Research Topic

Infectious Agent-Induced Chronic Immune Activation: Causes, Phenotypes, and Consequences

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About this Research Topic

Many infections induce over-activity of the immune system. Even an efficiently treated chronic infection, such as HIV, may result in persistent low-level inflammation. This may be the consequence of various mechanisms, including the direct stimulation of receptors of the innate immune system by ...

Many infections induce over-activity of the immune system. Even an efficiently treated chronic infection, such as HIV, may result in persistent low-level inflammation. This may be the consequence of various mechanisms, including the direct stimulation of receptors of the innate immune system by pathogen-associated molecular patterns (PAMPs), the recognition of danger-associated molecular patterns (DAMPs) released by infected cells, and the specific activation of the adaptive immune system, leading to the deregulation of the whole immune system.

These infections can have indirect effects on immune function through perturbations in the microbiota and/or metabolic disorders favored by the infectious agent. This immune over-activity can result in various comorbidities including the development of tumors, insulin resistance, and metabolic syndrome, or auto-immune diseases.

The main aim of the Research Topic is to elucidate the mechanisms by which infectious agents induce chronic activation of the immune system, for example, via combinations of inhibitory and stimulating strategies used by the pathogens to bypass the immune response. It also aims to understand how the modification of organs, tissues, and cell subpopulations in the course of infections contributes to chronic immune activation, the consequences of antimicrobial treatment on this immune activation, and the ways this immune activation contributes to the onset of long-term non-infectious diseases.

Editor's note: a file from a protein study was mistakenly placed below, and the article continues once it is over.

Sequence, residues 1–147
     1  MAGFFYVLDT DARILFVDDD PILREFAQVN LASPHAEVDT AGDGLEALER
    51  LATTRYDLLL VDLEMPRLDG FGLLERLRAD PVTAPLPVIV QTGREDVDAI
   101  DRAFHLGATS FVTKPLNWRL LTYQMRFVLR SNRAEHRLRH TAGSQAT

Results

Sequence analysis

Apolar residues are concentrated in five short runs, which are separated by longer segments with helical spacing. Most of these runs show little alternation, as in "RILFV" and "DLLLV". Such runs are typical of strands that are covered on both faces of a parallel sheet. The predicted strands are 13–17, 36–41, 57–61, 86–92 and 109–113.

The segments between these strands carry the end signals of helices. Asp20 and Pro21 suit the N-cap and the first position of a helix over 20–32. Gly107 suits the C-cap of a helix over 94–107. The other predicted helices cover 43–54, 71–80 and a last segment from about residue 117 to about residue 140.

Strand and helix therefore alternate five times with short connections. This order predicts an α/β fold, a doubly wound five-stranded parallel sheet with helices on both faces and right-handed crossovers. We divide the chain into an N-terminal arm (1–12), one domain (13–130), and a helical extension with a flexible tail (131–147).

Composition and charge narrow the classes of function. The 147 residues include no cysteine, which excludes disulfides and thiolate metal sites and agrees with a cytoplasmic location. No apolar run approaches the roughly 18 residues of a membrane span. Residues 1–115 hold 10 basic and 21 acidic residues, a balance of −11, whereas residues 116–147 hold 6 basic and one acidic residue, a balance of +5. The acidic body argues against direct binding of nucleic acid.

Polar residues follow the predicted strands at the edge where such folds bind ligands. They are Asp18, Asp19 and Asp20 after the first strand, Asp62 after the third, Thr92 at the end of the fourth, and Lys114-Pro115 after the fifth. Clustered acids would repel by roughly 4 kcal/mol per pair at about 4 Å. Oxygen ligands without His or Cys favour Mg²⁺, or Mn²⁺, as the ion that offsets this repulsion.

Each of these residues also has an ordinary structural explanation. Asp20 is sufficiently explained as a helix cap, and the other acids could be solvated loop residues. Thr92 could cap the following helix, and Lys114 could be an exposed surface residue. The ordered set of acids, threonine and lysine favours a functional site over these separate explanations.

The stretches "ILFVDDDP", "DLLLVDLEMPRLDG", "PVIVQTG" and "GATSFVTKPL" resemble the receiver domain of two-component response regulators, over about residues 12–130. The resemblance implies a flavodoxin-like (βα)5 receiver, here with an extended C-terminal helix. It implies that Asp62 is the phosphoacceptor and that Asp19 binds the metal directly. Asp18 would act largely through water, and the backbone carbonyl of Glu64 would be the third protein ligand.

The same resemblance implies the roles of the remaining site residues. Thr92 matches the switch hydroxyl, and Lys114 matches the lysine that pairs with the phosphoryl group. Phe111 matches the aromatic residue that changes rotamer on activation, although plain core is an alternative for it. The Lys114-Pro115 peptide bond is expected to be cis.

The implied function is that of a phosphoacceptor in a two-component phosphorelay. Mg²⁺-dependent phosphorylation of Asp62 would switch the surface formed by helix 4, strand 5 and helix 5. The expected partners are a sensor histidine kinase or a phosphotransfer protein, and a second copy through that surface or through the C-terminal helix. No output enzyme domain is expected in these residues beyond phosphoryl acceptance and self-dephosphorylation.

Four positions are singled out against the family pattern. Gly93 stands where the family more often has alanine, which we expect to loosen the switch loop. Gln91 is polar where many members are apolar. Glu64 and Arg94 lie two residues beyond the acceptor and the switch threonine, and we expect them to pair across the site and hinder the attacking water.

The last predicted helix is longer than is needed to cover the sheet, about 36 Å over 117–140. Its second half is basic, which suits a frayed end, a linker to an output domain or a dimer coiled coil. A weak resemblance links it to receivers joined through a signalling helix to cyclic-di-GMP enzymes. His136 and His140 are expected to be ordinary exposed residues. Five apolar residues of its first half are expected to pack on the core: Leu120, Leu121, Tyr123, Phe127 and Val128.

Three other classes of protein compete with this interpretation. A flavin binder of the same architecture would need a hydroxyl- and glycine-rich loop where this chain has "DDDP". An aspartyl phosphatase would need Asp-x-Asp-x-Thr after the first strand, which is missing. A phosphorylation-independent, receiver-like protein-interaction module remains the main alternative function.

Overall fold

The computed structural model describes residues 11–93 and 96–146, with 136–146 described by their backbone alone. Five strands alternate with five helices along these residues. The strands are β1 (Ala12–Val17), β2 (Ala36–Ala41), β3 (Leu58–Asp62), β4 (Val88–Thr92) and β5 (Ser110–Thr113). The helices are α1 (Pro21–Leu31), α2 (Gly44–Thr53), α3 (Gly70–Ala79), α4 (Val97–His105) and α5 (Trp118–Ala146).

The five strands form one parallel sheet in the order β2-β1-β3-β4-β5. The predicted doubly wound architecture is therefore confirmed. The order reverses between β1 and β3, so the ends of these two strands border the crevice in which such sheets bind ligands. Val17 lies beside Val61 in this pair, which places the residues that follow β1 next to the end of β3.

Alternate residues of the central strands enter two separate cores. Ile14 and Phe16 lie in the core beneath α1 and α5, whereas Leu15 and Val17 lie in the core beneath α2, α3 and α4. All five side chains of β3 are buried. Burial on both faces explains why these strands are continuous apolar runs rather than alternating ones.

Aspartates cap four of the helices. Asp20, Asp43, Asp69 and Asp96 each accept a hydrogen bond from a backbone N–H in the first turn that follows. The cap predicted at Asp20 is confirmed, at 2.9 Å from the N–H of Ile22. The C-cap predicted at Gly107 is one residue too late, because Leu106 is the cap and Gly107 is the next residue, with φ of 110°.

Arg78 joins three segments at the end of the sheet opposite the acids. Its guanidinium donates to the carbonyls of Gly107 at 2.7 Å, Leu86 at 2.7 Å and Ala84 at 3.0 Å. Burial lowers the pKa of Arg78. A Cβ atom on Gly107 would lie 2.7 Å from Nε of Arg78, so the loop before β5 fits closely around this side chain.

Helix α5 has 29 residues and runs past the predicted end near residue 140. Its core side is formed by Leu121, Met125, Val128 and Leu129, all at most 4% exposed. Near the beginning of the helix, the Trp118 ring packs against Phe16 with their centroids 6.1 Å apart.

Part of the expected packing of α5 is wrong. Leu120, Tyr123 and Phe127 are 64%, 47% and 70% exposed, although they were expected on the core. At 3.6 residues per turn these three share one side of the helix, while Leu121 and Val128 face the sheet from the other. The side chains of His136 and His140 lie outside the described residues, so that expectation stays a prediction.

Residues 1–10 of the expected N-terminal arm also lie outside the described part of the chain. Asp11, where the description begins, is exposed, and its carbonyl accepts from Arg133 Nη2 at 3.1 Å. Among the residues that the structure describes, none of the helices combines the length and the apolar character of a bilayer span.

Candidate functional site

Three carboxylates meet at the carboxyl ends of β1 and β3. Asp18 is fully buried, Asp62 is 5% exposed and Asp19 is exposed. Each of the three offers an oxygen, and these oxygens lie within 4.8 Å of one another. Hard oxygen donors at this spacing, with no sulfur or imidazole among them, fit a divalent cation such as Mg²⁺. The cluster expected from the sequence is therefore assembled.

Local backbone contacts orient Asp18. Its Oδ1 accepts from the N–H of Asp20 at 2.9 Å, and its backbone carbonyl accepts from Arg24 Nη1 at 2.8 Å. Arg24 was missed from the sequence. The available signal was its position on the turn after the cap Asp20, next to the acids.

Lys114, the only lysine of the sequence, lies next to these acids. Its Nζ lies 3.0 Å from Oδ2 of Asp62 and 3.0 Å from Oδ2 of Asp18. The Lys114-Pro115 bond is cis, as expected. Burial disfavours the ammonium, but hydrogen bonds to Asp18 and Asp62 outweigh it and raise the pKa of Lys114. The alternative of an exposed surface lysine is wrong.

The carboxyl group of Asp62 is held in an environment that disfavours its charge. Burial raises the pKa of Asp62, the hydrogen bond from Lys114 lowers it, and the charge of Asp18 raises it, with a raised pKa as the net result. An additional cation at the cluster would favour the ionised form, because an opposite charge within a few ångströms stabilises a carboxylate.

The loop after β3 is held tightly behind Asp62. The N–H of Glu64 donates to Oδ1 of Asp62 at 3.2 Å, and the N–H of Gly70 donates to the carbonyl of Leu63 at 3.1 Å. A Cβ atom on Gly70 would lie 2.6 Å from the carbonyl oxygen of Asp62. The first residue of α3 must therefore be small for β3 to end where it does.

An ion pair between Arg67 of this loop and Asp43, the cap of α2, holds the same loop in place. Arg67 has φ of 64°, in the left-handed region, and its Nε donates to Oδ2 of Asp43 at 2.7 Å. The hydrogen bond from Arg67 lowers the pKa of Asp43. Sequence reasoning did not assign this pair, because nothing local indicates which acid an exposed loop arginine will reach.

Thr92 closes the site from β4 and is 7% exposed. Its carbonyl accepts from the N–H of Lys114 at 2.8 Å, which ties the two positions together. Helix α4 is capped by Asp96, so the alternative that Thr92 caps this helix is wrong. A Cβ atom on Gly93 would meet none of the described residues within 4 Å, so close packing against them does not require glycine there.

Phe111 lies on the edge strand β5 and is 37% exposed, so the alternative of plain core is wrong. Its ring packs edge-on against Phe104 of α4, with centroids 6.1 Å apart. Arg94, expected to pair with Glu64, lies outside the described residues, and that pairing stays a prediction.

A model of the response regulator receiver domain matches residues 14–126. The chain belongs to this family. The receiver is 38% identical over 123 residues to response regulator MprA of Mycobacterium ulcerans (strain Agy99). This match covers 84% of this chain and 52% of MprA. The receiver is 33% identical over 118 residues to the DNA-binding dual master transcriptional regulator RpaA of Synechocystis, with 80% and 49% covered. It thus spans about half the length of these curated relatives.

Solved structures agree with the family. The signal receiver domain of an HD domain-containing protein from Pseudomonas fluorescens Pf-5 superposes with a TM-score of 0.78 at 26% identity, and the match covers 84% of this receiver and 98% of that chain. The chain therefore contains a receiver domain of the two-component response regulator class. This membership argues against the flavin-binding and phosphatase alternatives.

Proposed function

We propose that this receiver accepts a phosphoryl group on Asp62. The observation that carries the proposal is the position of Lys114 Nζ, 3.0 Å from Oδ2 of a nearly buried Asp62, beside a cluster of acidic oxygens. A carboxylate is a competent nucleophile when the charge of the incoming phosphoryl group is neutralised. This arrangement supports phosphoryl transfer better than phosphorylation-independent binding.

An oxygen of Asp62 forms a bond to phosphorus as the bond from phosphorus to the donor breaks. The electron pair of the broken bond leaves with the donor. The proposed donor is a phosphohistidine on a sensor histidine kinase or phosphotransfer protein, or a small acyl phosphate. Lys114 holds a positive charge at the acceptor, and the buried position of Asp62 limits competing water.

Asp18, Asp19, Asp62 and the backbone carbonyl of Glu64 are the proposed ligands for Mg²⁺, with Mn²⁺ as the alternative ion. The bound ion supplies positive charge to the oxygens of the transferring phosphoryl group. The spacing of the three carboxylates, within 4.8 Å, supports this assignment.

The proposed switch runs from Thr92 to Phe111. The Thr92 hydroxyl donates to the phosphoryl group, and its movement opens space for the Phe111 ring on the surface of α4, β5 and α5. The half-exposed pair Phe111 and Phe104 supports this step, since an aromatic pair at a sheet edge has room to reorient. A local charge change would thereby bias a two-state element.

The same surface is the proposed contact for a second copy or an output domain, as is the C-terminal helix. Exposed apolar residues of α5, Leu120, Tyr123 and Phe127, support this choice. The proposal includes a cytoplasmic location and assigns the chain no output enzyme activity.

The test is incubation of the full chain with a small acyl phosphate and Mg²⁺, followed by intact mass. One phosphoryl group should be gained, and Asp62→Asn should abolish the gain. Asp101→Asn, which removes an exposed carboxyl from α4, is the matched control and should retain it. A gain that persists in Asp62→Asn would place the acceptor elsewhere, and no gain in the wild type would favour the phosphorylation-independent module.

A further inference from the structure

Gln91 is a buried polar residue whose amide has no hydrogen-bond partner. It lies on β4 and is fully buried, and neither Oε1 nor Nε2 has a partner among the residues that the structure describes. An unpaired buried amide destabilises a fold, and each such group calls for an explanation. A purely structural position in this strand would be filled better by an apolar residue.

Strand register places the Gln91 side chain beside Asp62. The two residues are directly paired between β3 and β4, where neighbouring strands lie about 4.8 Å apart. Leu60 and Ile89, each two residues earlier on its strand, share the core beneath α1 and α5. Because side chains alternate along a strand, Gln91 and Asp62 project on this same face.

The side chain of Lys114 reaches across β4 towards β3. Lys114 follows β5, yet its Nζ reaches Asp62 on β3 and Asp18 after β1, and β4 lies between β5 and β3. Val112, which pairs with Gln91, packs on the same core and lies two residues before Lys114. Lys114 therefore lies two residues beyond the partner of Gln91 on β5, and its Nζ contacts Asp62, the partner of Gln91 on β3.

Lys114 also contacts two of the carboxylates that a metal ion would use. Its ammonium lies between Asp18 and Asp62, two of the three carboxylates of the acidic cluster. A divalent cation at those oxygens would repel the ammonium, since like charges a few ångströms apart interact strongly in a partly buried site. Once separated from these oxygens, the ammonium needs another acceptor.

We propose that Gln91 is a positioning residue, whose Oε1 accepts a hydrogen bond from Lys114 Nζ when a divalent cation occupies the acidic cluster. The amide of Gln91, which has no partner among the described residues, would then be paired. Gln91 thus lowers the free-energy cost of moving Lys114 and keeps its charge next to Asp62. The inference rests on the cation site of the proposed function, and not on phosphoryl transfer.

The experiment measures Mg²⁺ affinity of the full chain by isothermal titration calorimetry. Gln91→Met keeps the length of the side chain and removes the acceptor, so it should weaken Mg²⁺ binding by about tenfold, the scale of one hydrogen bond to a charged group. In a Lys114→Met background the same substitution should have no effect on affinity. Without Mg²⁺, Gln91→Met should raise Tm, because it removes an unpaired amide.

Of note, the topic is not limited to non-acute infections, since acute infections, such as Chikungunya infection, are also proven to provoke chronic disorders.

We welcome the submission of Original Research, Reviews, Hypothesis and Theory, and Case Reports covering, but not limited to, the following topics:

1. Molecular pathways resulting in chronic immune activation in the course of infection
2. The contribution of host and pathogen genetic background to the level of immune activation
3. The role of infectious agent escape strategies in provoking chronic immune activation
4. The relationship between infection-induced changes in metabolism, microbiome, and coagulation, and chronic immune activation
5. Mechanisms linking specific types of immune over-activation to comorbidities, including immune deficiency resulting in poor vaccine response
6. Animal models representing counterexamples, i.e. non-pathogenic SIV infection of primates or various viral infections in bats
7. Novel strategies to prevent/inhibit the pathogenic consequences of infection-induced chronic immune activation


Topic Editor Prof. Pierre Corbeau received financial support from MSD, MSDAvenir, and Gilead. Topic editor Dr. Nicholas Funderburg received financial support from Gilead. All other Topic Editors declare no competing interests with regards to the Research Topic subject.


Important Note: All contributions to this Research Topic must be within the scope of the section and journal to which they are submitted, as defined in their mission statements. Frontiers reserves the right to guide an out-of-scope manuscript to a more suitable section or journal at any stage of peer review.

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